Study Shows State’s Men Hit Harder By Recession Than Women
Coffee County’s unemployment rate increased from 12.8% in May to 16.5% in June. Coffee now ranks fifth in unemployment rate in the state behind Jenkins County (20.7%), Hancock County (19.5%), Warren County (18.6%) and Spalding County (16.6%).
However, Coffee’s labor force and number employed increased also in June. The labor force went up from 16,855 in May to 18,032 in June. The number employed in Coffee County in May was 14,691 and increased to 15,053 in June.
The number unemployed in May in Coffee County was 2,164 and increased to 2,979 in June, no doubt affected by the closing of Pilgrim’s Pride.The state of Georgia’s seasonally adjusted unemployment rate also rose from 9.6% in May to 10.0% in June, the highest rate ever recorded in Georgia, according to a press release from the Georgia Department of Labor.
“Georgia is in the midst of a deepening economic crisis,” said State Labor Commissioner Michael Thurmond. “Georgia leaders should develop a bi-partisan recovery plan that focuses on three critical elements: protecting vulnerable citizens, including children, the elderly, and the sick; preserving our health, safety, and educational institutions; and encouraging economic development investments that promote job creation and future prosperity.”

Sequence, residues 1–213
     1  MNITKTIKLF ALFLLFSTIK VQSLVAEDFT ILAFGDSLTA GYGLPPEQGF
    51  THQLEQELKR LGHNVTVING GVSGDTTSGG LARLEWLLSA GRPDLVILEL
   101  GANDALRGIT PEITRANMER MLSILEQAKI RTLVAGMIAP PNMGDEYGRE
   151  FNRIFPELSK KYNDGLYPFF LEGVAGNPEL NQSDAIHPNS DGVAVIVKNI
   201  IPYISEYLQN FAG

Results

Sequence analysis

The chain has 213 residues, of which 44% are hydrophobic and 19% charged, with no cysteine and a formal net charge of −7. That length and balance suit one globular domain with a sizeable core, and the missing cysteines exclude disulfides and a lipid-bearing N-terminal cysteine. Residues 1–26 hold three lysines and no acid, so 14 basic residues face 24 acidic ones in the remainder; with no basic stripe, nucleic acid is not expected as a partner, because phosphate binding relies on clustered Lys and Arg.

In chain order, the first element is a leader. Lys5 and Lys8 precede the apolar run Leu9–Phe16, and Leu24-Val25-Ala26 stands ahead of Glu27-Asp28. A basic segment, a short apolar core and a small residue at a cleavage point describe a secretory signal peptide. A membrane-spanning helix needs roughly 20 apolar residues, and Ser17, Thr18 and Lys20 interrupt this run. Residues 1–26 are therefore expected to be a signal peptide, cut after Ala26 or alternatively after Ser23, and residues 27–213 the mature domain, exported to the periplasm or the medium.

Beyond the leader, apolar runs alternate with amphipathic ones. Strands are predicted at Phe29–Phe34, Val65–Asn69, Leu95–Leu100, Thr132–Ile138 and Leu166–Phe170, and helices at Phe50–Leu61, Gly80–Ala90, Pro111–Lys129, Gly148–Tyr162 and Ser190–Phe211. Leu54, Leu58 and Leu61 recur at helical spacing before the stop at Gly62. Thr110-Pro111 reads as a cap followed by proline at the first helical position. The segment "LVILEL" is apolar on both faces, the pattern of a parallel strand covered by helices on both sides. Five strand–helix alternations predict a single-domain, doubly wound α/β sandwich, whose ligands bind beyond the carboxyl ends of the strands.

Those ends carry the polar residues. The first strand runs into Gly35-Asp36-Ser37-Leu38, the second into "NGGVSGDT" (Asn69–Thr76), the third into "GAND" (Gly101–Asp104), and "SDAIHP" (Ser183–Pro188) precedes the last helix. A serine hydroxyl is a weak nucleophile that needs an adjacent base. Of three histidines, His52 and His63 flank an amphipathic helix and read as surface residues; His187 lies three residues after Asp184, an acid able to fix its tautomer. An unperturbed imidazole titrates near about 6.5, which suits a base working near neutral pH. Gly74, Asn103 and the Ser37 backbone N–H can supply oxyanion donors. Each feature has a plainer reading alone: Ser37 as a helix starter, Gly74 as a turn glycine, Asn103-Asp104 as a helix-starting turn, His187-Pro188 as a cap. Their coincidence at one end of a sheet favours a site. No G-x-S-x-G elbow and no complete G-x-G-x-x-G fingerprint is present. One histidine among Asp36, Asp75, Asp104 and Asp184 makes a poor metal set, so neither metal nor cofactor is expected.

Recently Commissioner Thurmond said that a Georgia Department of Labor study of the impact of the recession in Georgia reveals that working men have been hit harder by the economic downturn than working women.
Thurmond refers to the present recession as a “he-cession” or “man-cession” in a white paper entitled “Georgia Men Hit Hardest by Recession, December 2007-May 2009.”
“Our research reveals that Georgia now has historically high levels of unemployment among male workers,” said Thurmond. “Men tend to dominate employment in construction and manufacturing, two of the industries that have been hardest hit by layoffs in our state.”
According to a press release from the Department of Labor, the number of Georgia’s men drawing unemployment insurance benefits between December of 2007 and May of 2009 rose 160%, from 34,136 to 88,612.
Throughout the nation, almost 80 percent of the more than 6.5 million Americans who have lost jobs since the beginning of the recession have been men.
“Immediate steps must be taken to encourage unemployed men to pursue careers in non-traditional female-dominated sectors, such as nursing and allied health,” said Thurmond. “I encourage federal, state and local policy makers to recognize that the socio-economic pathologies associated with high levels of male unemployment will have broad policy implications for Georgia’s 21st century workforce.”